I have always had a fascination with bells, both for the richness of their timbres and for the spiritual significance they often hold for the listener. My hope is that this composition draws the listener inside the sonic structure of bells similar to the way a microscope is used to observe the internal structure of an object. In a sense, one hears the sounds of bells both macroscopically and microscopically.
Although I have been working in the area of Interactive Computer Music for many years, this is most ambitious composition I have undertaken in terms of the number of instruments being electronically processed and the complexity of the spectral treatment used. Les Cloches was commissioned by the Windsor Symphony and was premiered by the WSO under the direction of John Morris Russell in 2012.
Keith Hamel is a Professor in the School of Music, an Associate Researcher at the Institute for Computing, Information and Cognitive Systems (ICICS), a Researcher at the Media and Graphics Interdisciplinary Centre (MAGIC) and Director of the Computer Music Studio at the University of British Columbia. Hamel has been on the Faculty at UBC since 1987, and has been a Full Professor since 1997. He holds a B.Mus. from Queen's University (1981) and A.M. and Ph.D degrees from Harvard University (1984, 1985). He also studied Computer Music under the supervision of Barry Vercoe at the Massachusetts Institute of Technology between 1981 and 1984.
Hamel has written both acoustic and electroacoustic music and has been awarded many prizes in both media. His works have been performed by many of the finest soloists and ensembles both in Canada and abroad. He has received commissions from IRCAM (Paris), the Ensemble Intercontemporain, Vancouver Symphony Orchestra, Vancouver New Music Ensemble, the Elektra Women's Choir, musica intima, Hammerhead Consort, Standing Wave, Hard Rubber Orchestra, as well as from outstanding performers such as flutist Robert Cram, bassoonist Jesse Read, clarinetist Jean-Guy Boisvert, saxophonist Julia Nolan, and pianist Douglas Finch. Many of his recent compositions focus on interaction between live performers and computer-controlled electronics.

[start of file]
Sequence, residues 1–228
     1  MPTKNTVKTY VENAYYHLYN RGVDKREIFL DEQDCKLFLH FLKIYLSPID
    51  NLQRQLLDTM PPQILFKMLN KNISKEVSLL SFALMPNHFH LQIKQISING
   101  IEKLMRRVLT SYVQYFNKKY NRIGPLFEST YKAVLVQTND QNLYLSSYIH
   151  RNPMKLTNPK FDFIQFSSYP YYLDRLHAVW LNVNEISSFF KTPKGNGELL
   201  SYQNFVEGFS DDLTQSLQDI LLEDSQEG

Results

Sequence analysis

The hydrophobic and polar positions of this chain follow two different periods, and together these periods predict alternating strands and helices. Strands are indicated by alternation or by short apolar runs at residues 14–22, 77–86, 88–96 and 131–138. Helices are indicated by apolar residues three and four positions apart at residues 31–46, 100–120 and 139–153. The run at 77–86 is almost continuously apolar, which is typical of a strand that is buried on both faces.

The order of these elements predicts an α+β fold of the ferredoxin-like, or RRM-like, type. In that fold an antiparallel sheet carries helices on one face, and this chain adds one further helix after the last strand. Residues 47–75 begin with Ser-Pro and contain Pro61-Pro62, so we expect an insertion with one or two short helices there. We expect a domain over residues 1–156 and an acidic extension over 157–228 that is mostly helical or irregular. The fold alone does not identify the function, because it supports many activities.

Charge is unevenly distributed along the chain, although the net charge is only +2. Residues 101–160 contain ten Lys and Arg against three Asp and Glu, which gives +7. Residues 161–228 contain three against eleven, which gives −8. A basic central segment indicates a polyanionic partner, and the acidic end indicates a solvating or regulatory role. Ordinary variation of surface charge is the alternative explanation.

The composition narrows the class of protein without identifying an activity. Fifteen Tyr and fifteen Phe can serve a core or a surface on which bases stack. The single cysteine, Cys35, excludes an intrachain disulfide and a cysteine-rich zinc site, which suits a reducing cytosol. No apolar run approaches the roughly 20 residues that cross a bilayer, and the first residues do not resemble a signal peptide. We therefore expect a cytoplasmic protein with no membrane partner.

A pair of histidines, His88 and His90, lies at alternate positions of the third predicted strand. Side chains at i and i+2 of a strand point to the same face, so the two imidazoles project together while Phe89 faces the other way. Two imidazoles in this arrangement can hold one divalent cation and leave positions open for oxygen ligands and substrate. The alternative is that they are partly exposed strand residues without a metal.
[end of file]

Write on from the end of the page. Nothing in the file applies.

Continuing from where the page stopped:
As a computer music researcher, Hamel is recognized as one of the foremost authorities on music notation software. He is author of the NoteWriter and NoteAbilityPro software programs which are used around the world for professional music engraving and publishing, and he has developed interactive environments for live performer and computer interaction. His research has been funded by the Canada Council, the SSHRC, a Killam Research Fellowship, and UBC Arts-IT.
Hamel is the former Vice-President of the International Society for Contemporary Music (ISCM), a former President of the Canadian Music Centre, and a former board member of the Canadian League of Composers. His music is published by Editions Musicales Européennes of Paris and by Cypress Press of Vancouver, and several of his compositions are available on commercial recordings.
Quartet for Piano and Strings (A Sea Liturgy)
Quartet for Piano and Strings (A Sea Liturgy) (2009) was jointly commissioned for the Moscow Studio for New Music and the Arcturus Chamber Ensemble (Sarah Darling, artistic director). It is dedicated to the Arcturus Chamber Ensemble on its 10th anniversary. The work is cast in a single movement and is conceived as a "sea liturgy." It attempts to conjure up an imagined set of spiritual rituals (not connected to any specific religion)—a ceremony of transformation and renewal performed in the context of a sea landscape.
Though not broken into movements, the formal design of the work could be seen as follows:
Processional — (Ritornello) — Invocation — Offering — (Ritornello) — Baptism — Rebirth — Recessional
As with so many of my works, much of the initial musical planning took place in the context of the oceanscapes of Nantucket Island, Massachusetts. Those particular sea landscapes were foremost in my mind while writing. The listener may also discard the imagined liturgical apparatus and simply listen to the work as a series of seascapes. (For the purposes of narrative clarity, the above section descriptors will be used in the narrative below.)